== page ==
Plus, when you raise your rates suddenly you need fewer clients to make the same amount of money. That means you get some of your day back. This frees up time for other things that are important for your business (*cough* like marketing *cough*). A lot of trainers feel guilty raising their rates — because then some clients won’t be able to afford them.

If it’s important to you to help out those pet owners in your community that need it most, I recommend developing a scholarship program or raising your rates enough that you can volunteer your time teaching low cost classes at a shelter or community center. That way it’s win-win. You can still help those that need it and you can help grow your business in a more profitable way.

How to let clients know you’re raising your rates

Of course, you may get some pushback when you let people know that you’re planning on raising your rates. The best way I’ve found to deal with this is a little bit of planning.

A few months (or at least a few weeks!) before you plan to up your rates, let your clients know that on X date, rates are going up to Y (whatever your new rates will be). Then let them know that because you value them as clients, you’re giving them an opportunity to pre-purchase classes or lessons at your current rate. So long as they pay for the classes or lessons before the rate increase goes into effect, you’ll honor the current rate and they can use those lessons even after your rates have gone up.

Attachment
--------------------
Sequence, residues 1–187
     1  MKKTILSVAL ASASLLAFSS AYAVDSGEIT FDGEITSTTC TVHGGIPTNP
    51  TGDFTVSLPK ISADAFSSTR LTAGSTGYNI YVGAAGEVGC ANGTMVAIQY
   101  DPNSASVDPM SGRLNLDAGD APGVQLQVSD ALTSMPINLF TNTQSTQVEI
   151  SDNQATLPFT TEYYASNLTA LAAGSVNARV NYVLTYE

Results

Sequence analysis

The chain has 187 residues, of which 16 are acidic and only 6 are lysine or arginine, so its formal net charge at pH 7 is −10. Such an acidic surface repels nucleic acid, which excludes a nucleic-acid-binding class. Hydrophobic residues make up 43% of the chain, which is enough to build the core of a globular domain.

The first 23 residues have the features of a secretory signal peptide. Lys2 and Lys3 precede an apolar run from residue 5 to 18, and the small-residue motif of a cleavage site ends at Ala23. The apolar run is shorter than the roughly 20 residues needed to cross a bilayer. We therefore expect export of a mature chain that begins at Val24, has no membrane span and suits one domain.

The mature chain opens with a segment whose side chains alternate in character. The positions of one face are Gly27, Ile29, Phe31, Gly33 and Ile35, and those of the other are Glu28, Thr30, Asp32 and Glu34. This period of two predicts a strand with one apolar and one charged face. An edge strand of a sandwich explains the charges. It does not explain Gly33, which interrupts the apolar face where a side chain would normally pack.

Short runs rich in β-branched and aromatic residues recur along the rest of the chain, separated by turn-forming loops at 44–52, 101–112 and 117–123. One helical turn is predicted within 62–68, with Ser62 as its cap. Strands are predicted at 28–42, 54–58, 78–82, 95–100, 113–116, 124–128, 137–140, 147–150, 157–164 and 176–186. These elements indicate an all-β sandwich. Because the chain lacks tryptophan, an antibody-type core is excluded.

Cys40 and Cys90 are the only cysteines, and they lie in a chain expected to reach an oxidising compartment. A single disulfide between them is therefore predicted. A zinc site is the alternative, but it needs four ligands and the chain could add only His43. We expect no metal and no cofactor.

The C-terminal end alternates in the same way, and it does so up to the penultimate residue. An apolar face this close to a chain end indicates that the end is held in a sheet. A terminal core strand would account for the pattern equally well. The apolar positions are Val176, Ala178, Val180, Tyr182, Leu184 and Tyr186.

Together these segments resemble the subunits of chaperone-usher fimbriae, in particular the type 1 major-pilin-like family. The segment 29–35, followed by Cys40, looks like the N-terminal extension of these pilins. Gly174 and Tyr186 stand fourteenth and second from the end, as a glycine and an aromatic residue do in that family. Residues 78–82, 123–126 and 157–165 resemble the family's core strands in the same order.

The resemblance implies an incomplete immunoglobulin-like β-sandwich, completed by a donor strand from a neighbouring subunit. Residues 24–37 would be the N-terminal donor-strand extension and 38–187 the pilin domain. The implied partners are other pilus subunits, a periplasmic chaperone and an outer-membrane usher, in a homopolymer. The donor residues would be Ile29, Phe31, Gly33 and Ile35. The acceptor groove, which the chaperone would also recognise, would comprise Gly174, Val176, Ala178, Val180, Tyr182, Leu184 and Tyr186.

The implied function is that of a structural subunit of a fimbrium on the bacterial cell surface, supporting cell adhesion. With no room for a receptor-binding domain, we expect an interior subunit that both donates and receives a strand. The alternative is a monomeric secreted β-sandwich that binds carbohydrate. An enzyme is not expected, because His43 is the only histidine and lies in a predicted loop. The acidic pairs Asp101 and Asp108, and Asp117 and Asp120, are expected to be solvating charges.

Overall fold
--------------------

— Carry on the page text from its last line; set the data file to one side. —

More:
Again this is a win-win! For your clients, it offers a way for them to continue to work with you for a while at your current rate, and gives them some time to think about other alternatives if they truly can’t afford the higher price point. For you, it encourages a few bulk payments, which will help hold you over when some of your current clients inevitably decide your new rates are out of their budget and gets you a bit of time to fill you plate at the new, higher rate.

A Word of Caution: Don’t Go from “Too Many Clients” to “Not Enough”

One last note here — even if you’re turning down clients, make sure you don’t stop all of your marketing. Refine it, by all means. Reduce it. Eliminate the options that take up the most time or that you enjoy the least; stop doing the things that you haven’t seen actually produce any clients. But don’t stop marketing all together.

Otherwise, you’ll find that once you finish working with the clients currently in your appointment book, you’re left struggling to find new leads.

Is this a problem you’re struggling with? Share your experience (and what you plan to do about it) in the comments!